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They sleep an average of 20 hours, and subsist on less than two pounds of gum leaves per day. Yet an absence of natural predators and extremely low metabolic demands may not be enough to keep Australia’s koala population alive into the next century.

i-3d220461e21801aaebda133af64f38e9-iStock_000000926153XSmall.jpgDevelopment along Australia’s coast is destroying the gum forests that koalas call home, and with the encroaching suburbs has come a population of dogs and cars that alternately munch on, and flatten, the bear-like marsupials. On top of all this, the past few years have ushered in the worst drought in Australian history, igniting a series of bushfires that have further destroyed koala habitat. If current trends continue, some experts predict that koalas will disappear altogether within the next ten years.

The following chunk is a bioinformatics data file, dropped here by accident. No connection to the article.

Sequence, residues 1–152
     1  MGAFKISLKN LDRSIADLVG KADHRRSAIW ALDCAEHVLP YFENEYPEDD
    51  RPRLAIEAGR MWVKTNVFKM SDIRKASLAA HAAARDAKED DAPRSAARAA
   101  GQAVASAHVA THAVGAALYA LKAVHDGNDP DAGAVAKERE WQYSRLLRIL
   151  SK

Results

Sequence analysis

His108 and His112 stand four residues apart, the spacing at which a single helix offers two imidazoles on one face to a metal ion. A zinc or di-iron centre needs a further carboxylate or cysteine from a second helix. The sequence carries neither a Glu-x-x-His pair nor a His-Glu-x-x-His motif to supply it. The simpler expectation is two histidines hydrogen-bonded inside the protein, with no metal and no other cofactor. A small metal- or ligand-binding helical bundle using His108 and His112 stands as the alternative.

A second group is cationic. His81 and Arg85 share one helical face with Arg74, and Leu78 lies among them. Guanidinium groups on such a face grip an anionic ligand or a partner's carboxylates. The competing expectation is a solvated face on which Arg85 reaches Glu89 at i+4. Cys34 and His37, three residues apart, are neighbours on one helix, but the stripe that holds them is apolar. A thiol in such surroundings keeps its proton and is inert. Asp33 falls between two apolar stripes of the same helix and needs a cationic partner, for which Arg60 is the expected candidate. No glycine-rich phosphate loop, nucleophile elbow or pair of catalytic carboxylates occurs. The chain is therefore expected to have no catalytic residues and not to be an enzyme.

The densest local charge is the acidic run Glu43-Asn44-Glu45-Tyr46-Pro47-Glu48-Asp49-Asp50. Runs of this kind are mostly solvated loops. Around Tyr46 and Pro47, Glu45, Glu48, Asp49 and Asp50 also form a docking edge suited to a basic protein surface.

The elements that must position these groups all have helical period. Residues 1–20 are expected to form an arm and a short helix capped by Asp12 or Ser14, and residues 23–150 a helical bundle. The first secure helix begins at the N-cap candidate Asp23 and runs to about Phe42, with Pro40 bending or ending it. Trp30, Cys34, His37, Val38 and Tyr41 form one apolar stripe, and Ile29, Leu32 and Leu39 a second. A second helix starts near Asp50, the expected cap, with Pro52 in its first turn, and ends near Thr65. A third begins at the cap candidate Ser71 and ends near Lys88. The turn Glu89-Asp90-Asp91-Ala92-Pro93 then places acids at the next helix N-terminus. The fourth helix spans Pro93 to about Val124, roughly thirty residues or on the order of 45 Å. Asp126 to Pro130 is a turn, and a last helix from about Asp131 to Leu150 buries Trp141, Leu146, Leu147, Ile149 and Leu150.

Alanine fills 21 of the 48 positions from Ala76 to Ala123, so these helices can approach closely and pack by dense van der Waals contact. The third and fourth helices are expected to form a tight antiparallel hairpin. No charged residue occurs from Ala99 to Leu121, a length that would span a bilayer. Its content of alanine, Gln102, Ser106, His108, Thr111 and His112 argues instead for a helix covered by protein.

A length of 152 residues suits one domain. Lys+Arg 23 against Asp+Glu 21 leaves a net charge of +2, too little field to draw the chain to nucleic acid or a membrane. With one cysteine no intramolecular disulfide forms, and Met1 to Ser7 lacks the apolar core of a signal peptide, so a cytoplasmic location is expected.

Koala populations have rebounded once already from human assaults. In the 1920s, koalas were hunted to near-extinction to satisfy a growing demand for their furs. In one of the earliest examples of “charismatic megafauna’s” political clout, koala hunting was eventually outlawed in the 1930s, but the descendents of those few surviving koalas have been plagued by disease and deformities as the result of low genetic diversity.

More alarming still is the notion that koalas are only the first of many Australian species that will be threatened by climate change and suburban development. As Erna Walraven, senior curator at Sydney’s Taronga Zoo, told the Agence France Presse, koalas are an indicator of the wider health of the Australian bush. “I think that the koala is in there with a big suite of other species, native Australian icons, that are under threat,” says Walraven.

Wallabies, wombats and bandicoots beware.